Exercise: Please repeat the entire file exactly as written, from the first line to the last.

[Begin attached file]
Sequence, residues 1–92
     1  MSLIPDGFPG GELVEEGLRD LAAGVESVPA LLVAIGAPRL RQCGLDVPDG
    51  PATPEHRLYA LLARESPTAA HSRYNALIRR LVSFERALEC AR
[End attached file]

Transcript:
Sequence, residues 1–92
     1  MSLIPDGFPG GELVEEGLRD LAAGVESVPA LLVAIGAPRL RQCGLDVPDG
    51  PATPEHRLYA LLARESPTAA HSRYNALIRR LVSFERALEC AR